This is why World Help is so passionate about child sponsorship. Over the years, we have seen children grow up to become teachers, engineers, entrepreneurs, and even doctors — all because they were given a chance. And most of those children turn around and give back to their community.

When Ruth grows up, she dreams of becoming a teacher. She wants to do her part to help other little children succeed in school and escape a childhood in the fields.

On this World Day Against Child Labor, we can make that dream become a reality for children like Ruth around the world.

Noel Yeatts is an active advocate for social justice and humanitarian needs around the world. With over 20 years of experience in humanitarian work, Noel is an author, speaker, and the President of World Help, an international, Christian humanitarian organization serving the physical and spiritual needs of impoverished communities around the world. Noel regularly takes the stage for speaking engagements and advocacy events around the country and has been widely recognized for her groundbreaking book, “Awake: Doing a World of Good One Person at a Time.” To read more of her reports — Click Here Now.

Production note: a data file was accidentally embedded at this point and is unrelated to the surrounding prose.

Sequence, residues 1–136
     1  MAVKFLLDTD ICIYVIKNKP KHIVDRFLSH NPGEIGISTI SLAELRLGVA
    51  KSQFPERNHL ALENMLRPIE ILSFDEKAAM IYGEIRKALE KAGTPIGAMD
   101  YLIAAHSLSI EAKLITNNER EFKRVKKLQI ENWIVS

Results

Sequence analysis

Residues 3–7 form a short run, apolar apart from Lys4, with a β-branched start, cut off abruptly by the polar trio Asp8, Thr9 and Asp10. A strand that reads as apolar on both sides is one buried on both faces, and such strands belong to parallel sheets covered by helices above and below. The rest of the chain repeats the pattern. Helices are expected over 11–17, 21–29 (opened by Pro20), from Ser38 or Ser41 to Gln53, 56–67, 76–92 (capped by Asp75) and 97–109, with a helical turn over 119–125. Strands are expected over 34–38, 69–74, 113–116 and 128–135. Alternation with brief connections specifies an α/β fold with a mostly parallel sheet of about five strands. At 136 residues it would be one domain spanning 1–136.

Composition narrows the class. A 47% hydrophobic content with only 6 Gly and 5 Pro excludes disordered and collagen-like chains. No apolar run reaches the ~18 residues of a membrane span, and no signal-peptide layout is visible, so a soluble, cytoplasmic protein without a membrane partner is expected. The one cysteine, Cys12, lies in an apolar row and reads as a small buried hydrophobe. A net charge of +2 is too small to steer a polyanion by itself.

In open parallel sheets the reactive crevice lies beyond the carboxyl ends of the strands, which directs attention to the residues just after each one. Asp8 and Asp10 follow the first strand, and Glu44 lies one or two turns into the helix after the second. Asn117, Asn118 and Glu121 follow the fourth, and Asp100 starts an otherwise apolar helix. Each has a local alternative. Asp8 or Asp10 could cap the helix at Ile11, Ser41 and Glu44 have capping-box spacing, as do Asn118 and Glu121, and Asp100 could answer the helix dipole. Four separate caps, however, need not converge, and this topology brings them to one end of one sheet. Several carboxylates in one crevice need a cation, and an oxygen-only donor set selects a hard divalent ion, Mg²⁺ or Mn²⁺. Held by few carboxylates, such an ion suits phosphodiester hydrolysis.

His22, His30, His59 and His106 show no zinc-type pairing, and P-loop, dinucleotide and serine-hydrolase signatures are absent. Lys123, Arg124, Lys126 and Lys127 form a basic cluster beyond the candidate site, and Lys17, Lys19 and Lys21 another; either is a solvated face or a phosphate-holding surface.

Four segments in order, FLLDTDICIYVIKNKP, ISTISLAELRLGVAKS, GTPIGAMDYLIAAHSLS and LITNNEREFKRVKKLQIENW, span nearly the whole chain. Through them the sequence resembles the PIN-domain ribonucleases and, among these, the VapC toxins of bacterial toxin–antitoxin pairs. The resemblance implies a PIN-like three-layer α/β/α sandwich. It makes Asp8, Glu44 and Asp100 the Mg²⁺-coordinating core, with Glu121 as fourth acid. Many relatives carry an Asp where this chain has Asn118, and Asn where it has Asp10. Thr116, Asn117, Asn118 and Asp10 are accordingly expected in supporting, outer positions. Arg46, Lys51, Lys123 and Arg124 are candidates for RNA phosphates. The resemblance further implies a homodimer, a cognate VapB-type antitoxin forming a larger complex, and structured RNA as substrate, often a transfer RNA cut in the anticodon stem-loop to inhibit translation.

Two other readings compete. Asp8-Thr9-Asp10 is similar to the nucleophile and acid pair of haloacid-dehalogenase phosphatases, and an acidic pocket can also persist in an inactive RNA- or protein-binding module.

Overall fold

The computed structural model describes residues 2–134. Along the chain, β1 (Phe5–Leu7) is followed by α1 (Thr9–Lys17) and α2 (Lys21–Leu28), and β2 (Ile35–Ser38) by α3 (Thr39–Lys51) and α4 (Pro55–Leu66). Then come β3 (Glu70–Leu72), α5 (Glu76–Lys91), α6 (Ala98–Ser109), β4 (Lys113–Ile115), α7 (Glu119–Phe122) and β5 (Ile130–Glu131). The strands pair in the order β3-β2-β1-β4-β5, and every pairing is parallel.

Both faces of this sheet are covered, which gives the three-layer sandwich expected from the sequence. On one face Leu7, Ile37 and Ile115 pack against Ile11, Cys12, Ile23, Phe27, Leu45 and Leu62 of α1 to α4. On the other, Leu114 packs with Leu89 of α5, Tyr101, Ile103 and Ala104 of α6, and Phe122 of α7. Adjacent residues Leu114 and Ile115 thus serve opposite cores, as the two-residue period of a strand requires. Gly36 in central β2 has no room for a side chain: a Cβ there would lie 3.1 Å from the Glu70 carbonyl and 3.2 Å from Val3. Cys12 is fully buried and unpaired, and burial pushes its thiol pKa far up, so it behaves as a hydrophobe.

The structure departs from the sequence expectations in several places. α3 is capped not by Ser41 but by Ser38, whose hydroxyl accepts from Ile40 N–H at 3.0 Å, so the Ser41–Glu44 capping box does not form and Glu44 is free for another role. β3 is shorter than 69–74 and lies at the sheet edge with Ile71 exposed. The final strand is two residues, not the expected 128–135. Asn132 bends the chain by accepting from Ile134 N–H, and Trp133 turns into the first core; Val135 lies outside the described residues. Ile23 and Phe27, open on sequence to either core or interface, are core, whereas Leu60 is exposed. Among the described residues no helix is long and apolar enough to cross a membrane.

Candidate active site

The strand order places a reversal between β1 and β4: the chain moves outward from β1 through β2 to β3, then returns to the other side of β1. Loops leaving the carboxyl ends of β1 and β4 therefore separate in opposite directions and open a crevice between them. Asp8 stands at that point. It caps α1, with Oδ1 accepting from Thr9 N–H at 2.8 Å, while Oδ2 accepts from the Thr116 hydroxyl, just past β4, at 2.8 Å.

Read Original Article Here.

Newsmax | Providing Girls in India With Another Option

For 500 years, one tribal group in northern India has relied on the prostitution of its oldest daughters as a key source of income.

This tribe, known as the Banchara, is part of India’s lowest caste — the Dalits or “untouchables.” While all of the Banchara people suffer from discrimination, extreme poverty, and lack of educational opportunities, girls bear the brunt of it.

When Jafit was born into the Banchara community, she was taught from a young age that she must do whatever it took to provide for her family … even if that meant selling her body for sex.

I’ve changed Jafit’s name because her culture forced her into this lifestyle of sexual slavery. It’s a tradition called Nari Mata. The oldest daughter in each household will enter prostitution in order to pay for the marriage dowries of her brothers.

Jafit started selling her body at the age of 12 — which is customary for girls in the Banchara community. Now, she’s 20, has a 6 year-old son, and won’t pay off her brothers’ dowries for another 40 years.